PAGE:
“The Lord is my shepherd, I shall not want…” Clearly we are dealing here with the voice of the Psalmist. We know this because we see the use of “my” and “I”. But to whom is this “I” speaking? We have not been introduced to a major cast of characters yet so we can assume three: the Psalmist, God (aka “the Lord”) and the ever-present Congregation chorus. Since the Psalmist refers to God in the third person (that is, “the Lord”, not “you” or “O God”), then it is safe to assume that in this line the Psalmist is speaking to the Congregation.

We can move through a more fulsome example with the relatively brief Psalm 108. Again, we imagine our three main characters on stage. The Psalmist begins with direct address to God: “My heart is firmly fixed, O God, my heart is fixed; I will sing and make melody” The use of “My” and “I” clarifies for us that this is the Psalmist’s voice. The use of the vocative—direct address—in “O God” lets us know to whom the Psalmist is speaking. The Psalmist continues through verse 6. I assign these lines to the Psalmist rather than the Congregation because we see some intimate and inward thoughts more appropriate to an individual than a group. Then, verse 7 begins “God spoke from his holy place and said…” Perhaps we can see this as a line from the chorus as the Psalmist recedes and God steps to center stage? Then, from verse 7b through verse 9, we hear the voice of God. God speaks in “I” language and declares his victories over the inhabitants of the lands around Israel.

The crux of the psalm is verse 10: “Who will lead me into the strong city? Who will bring me into Edom?”

Who speaks this line? (Remembering that quotation marks are modern editorial decisions and not original to the psalms!) Is this a continuation of God’s address? In Ancient Near East battles, images of the gods were carried as military standards: is this line the voice of God asking who will bear his image or the Ark of the Covenant representing him into Edom? Or, conversely, is this either the Psalmist or the Chorus replying in response to God’s preceding boast of power? That is, if God is so victorious over the other nations, is God going to give assistance right here and right now in the present crisis?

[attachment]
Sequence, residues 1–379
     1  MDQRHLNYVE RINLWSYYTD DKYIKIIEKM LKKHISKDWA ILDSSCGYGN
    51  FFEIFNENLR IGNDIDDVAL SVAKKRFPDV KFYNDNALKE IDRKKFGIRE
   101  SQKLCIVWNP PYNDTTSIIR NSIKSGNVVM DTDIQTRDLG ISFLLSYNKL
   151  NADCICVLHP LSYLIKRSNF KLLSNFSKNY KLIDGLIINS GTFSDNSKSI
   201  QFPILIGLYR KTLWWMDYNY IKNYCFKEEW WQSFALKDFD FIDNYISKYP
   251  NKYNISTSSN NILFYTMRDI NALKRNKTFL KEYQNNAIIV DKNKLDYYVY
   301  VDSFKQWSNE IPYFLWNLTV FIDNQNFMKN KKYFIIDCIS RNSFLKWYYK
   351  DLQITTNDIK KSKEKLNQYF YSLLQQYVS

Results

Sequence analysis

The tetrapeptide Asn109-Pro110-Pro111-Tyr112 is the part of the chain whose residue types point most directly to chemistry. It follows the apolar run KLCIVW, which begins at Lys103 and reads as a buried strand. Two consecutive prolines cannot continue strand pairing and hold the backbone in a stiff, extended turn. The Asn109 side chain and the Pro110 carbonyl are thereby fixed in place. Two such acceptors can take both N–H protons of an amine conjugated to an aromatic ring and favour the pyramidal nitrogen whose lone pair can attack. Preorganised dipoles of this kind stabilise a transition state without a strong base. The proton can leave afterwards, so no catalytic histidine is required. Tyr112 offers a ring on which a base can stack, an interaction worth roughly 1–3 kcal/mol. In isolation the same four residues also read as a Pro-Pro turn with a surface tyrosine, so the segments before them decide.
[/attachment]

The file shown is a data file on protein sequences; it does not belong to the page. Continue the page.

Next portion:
If we hold off on making a decision and move on to the next verse, we see that question does become more pointed: “Have you not cast us off, O God? You no longer go out, O God with our armies.” There is direct address to God again with the vocative “O God” and “You”; however, the shift from a singular to the plural makes me think that the Chorus has come in—or perhaps even better the Psalmist and the Chorus singing together. Given that the question in verse 10 continues and becomes more pointed in verse 11, we can place verse 10 in the mouth of whomever we decide speaks verse 11. Verse 12 continues the address to God from the group, and then the final verse 13 moves from addressing God to addressing a listening audience, shifting references to God from the second person to the third person: “With God we will do valiant deeds, and he shall tread our enemies under foot.” The language of “God” and “he” clarifies that the Chorus is now speaking about God rather than to God, and this final declaration of hope serves as a challenge expressed as an answer to the question posed in verse 10.

This strategy of mentally staging the psalm as a classical drama in your head is a helpful means of helping you pay attention to the variety of voices and the shift of voices within the psalms. I like to think of this as an initial stage of reading. Once we have accomplished this staging, Cassiodorus will invite us to imagine who the various characters might be: Is the Psalmist David? Is it Christ? Could it be the personified Church? We’ll turn to this next…